Permit me to say, as an American citizen, that I am amazed and insulted by what seems to be the assumption in much of the European secular press, and even among some European religious leaders, that the United States would deliberately target civilians in acts of reprisal against terrorism.

I am personally acquainted with many of the leading figures in the Department of Defense, and I am confident that they are men and women of honor and prudence.

3. There has been some talk about giving the CIA the go-ahead to conduct assassinations. Is this type of action morally legitimate? And if so in what circumstances: targeting the authors of terrorism, or also the heads of their organizations? Would pre-emptive assassinations to prevent terrorist attacks also be legitimate?

Weigel: I am quite convinced that pre-emptive military action against terrorists is morally legitimate under the principles of the just-war tradition. It makes no sense to say, as some moral theologians have suggested, that a "just cause" is only established when an attack is under way.

In a world of weapons of mass destruction and ballistic missiles, I don't think it makes much moral sense to argue that we have to wait until the nuclear-tipped missile or the biological or chemical weapon is launched until we can do something about it. Indeed, the nature of certain regimes makes their mere possession of weapons of mass destruction (or their attempt to acquire such weapons and the means to launch them) an imminent danger toward which a military response is not only possible but morally imperative, for the protection of innocents and the defense of world order. Here, too, is another example of an area in which the just-war tradition needs to be stretched or developed to meet new realities.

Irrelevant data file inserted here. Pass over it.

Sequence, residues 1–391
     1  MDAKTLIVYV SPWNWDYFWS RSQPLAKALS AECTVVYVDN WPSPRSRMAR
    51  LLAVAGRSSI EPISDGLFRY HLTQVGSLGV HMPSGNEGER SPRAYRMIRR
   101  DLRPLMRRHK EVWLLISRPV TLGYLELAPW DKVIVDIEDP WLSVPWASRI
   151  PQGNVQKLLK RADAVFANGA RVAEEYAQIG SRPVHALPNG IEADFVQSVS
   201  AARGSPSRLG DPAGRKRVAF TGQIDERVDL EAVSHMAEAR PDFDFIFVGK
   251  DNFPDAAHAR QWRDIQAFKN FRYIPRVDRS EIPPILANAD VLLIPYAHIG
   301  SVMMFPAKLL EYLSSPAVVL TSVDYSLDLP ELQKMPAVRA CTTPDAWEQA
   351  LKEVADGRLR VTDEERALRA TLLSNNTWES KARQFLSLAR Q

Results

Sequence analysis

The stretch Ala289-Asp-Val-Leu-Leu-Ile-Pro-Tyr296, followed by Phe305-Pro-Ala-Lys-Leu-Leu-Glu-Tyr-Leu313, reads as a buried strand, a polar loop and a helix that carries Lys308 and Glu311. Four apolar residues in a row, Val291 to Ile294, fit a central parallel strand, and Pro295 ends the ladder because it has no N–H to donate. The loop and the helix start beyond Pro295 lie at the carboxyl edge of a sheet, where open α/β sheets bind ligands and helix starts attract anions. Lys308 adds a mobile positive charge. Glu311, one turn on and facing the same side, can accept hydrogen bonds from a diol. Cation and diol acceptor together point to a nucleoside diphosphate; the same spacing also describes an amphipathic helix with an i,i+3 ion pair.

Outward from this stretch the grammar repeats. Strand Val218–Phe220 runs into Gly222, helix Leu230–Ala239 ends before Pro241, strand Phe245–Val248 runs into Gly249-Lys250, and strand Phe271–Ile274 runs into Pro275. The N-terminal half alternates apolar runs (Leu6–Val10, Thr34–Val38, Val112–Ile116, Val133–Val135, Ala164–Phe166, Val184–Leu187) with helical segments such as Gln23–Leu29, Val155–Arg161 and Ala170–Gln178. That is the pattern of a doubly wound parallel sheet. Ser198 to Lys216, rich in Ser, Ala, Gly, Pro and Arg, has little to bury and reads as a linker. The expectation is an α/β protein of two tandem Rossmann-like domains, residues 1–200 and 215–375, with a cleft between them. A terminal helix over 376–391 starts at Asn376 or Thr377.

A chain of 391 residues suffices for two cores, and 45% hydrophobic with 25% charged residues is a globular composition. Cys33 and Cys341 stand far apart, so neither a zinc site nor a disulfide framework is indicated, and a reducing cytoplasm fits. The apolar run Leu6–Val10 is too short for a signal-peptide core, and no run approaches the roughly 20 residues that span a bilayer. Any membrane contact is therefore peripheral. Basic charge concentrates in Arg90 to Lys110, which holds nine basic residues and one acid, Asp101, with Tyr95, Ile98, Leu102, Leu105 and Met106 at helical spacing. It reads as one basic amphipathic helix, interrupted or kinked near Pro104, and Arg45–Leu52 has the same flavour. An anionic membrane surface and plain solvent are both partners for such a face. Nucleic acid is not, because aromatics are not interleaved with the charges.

The question of "assassinations" is perhaps a bit confused by the terminology. If terrorists are conducting what both they and we recognize as a war—i.e., the deliberate use of mass violence to achieve political ends—then they are not civilians in the classic sense of the term, they are combatants. The moral analysis follows accordingly.